these are the posts tagged ‘sweets’:


rebuçados da régua

so, before the hiatus, i was going to tell you what we got as prizes in lieu of medals, when we ran in douro back in may. can you guess?

IMG_0601

rebuçados da régua, of course! :D they’re an old-fashioned and very typical local confectionery, which is guaranteed to bring back nice memories to everyone who ever traveled in douro’s train line. some old ladies there still make them, keeping the tradition alive.

IMG_0616

there are 9 identical sweets in each transparent bag, all wrapped in paper. the sweet is rather basic, made of melted sugar and honey, plus a few secret ingredients, they say. the result is a hard candy that looks almost like a huge amber gemstone. they’re beautiful!

IMG_0620

aaah… tastes like nostalgia! :)

salmiakki ice-cream

we’re in moomin-land for some days, so the next posts will feature a lot of finnish things! it’s not our first time in the country, but we were eager for an excuse to come back, review some of the things we loved the first time round and explore some more.

when i started looking for interesting things to do on this second trip, something popped up consistently… salmiakki ice-cream! :) salmiakki (salty liquorice with a side of ammonium chloride) is an acquired taste if there ever was one. for a candy, it tastes very “uncandy-like”… i don’t particularly like it, and yet, once i open a package, i can’t seem to stop myself from reaching for another piece every once in a while. so the premise of salmiakki ice-cream was intriguing…

today, we saw an ice-cream stand in the market, and naturally we had to give the salmiakki a go. the color was fantastic! the ice-cream itself tasted sweeter than the actual candy to me, which was a pleasant surprise. i quite liked it, though the portion was rather big and by the end of it i was a bit sick… perfect example of “sensory-specific satiety”, my science of gastronomy teacher would say!

bonus: this video of japanese people tasting salmiakki for the first time is quite funny! have you ever tried it? :)

a tripa do furadouro

the boy is originally from oliveira de azeméis, which isn’t far from the coast. the nearest beach is called furadouro, and it is famous for a special kind of “beach dessert” which he had never tried before: the tripa! we’d been hearing about this tripa (which means gut in portuguese) for such a long time that by the time we finally tried it last winter, it had reached epic fame proportions… could it live up to our high expectations?



turns out, yes! especially the one filled with ovos moles… it was delicious! the dough is a mix between a crepe and a softened wafferish cookie which is folded over your selected filling… it was soft and warm and just the thing for a windy cold the day by the sea! can’t wait to go back and try the one with condensed milk mmmm…

speculoos spread

ladies and gentlemen, let me introduce you to the best thing this side of nutella’s invention:

i wish blogs could convey the scent that emanates from this precious jar. it’s… indescribably mouth-watering. our friend isa showed it to us when we were staying with her, and in our excitement we almost forgot our manners and inhaled all of her precious stock! good lord, i could swear they lace it with crack…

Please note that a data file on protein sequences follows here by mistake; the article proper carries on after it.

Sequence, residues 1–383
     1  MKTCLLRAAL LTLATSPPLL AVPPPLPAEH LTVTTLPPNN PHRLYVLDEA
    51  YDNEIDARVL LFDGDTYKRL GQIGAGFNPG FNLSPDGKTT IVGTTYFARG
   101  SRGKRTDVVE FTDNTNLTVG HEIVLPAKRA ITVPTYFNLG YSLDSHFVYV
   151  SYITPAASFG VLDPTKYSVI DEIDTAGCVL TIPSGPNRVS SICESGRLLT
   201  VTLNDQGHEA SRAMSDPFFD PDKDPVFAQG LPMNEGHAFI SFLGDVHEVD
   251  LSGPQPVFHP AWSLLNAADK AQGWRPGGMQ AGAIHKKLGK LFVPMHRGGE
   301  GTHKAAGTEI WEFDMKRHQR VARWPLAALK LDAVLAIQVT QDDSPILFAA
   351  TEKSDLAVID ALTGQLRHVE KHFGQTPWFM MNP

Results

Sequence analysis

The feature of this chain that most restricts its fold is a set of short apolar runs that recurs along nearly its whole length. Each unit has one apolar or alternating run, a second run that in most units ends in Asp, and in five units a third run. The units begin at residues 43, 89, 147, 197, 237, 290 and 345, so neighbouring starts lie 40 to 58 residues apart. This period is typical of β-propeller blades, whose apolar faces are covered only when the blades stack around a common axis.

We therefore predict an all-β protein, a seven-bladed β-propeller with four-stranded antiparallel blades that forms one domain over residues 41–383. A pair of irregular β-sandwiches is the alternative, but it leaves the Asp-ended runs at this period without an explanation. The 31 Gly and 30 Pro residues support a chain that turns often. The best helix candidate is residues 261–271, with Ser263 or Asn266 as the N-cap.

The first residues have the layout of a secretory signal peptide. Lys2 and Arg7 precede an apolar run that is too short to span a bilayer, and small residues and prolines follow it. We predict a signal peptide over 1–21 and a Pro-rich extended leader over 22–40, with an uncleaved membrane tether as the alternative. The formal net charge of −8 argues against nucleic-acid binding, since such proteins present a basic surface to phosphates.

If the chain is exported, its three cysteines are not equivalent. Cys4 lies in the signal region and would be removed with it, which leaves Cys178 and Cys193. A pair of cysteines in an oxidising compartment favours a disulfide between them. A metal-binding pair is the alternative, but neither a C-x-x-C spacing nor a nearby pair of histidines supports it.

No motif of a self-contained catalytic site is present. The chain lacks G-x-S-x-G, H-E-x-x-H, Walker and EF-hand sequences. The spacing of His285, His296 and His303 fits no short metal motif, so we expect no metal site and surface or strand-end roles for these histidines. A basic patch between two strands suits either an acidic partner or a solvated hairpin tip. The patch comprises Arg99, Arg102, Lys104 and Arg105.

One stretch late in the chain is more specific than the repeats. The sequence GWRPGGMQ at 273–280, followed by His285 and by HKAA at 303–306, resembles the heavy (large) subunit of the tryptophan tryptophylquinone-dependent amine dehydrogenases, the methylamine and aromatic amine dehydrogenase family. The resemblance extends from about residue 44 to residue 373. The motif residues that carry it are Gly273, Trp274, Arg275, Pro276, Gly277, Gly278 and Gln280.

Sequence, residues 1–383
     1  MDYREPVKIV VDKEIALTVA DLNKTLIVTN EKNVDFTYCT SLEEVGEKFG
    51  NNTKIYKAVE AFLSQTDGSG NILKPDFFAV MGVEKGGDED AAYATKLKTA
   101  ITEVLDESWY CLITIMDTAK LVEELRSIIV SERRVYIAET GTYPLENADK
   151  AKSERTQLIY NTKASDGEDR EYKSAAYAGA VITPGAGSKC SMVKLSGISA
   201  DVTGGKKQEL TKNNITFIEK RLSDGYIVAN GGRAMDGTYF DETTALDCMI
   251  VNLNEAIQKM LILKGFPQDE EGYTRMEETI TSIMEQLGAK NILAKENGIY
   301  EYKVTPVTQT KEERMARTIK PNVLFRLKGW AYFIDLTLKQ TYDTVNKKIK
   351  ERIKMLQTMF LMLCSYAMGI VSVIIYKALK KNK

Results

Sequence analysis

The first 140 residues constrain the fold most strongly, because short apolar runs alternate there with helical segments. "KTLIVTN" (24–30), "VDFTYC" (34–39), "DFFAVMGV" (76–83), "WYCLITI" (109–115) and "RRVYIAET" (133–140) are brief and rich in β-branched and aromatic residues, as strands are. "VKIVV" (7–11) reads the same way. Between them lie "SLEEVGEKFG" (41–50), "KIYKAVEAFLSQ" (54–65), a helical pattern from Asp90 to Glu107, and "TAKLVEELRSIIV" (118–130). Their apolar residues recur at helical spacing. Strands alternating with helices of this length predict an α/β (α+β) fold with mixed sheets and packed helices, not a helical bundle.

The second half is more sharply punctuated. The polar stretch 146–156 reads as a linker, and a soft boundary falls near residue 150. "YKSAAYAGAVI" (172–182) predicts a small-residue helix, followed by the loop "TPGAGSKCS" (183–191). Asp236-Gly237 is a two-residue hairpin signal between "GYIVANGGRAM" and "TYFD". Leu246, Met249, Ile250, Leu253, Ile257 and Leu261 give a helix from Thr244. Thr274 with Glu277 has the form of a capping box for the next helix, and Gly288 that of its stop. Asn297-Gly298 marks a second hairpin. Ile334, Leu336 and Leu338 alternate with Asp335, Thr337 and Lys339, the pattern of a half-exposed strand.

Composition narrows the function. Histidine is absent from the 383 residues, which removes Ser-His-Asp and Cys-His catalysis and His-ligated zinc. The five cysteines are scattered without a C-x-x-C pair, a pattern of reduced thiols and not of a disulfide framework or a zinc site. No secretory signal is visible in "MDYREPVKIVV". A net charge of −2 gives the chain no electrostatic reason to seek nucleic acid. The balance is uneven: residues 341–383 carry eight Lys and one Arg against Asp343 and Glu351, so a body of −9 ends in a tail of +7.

speculoos are crunchy spiced (pepper, cinnamon, ginger, cloves, cardamom and nutmeg) cookies from the netherlands and belgium. they taste a bit like crispier gingerbread cookies… but better! it’s hard to explain, the flavour is so characteristic – and in my mind irrevocably connected to afternoons writing my master thesis in the netherlands, with a cup of tea by my side.

the spread tastes like the cookies, and has an interesting story too:

In the area of Europe centered on Eeklo, Belgium, where the speculoos cookie originated, local workers had long known that a sandwich made in the morning with butter and speculoos cookies would develop a spread-like consistency by lunchtime.
In 2008, two competitors entered a contest on the Belgian television show, The Inventors (de Bedenkers), with a spread made from speculoos cookies— Els Scheppers, who reached the semi finals, and the team of chef Danny De Mayer and Dirk De Smet, who weren’t selected as finalists. Spreads made from crushed Speculoos cookies would subsequently go into production by three separate companies, and by the time they arrived in Belgian supermarkets, Speculoos spread caused a sensation, taking the “Benelux market by storm.”

it’s still hard to find in germany, but we’ve spotted it at kaiser’s and have been sharing it with all our friends ever since. seriously, give it a go if you can get it! :D

kürtőskalács

it’s kind of messed up to write about something made almost exclusively of milk, sugar and gluten in the middle of a whole30… but i shall endure it to tell you all about the deliciousness of the hungarian kürtőskalács (chimney cake). the hungarians have my kind of cuisine: uncomplicated and flavourful. we ate a lot of delicious, belly-distending meals in budapest, but indulging in the omnipresent kürtőskalács was a daily temptation – one which we simply could not resist.

kürtőskalács is a very simple thing: a ribbon of yeast pastry rolled around a wooden cilinder, which is baked on the fire for a few minutes, and then rolled around in different sweet toppings, like sugar, cinnamon, coconut or nuts. some of the sugar melts in contact with the warm surface, which makes for a sticky mess – which is why they’re usually served inside a clear plastic sheet.
the result is a tube that comes apart in your hands in a spiral of fluffy goodness, cooked soft dough with a hint of lemon on the inside and a sugary shell around it, giving it a crispy texture. it’s… delightfully sinful, and heartily recommended! :)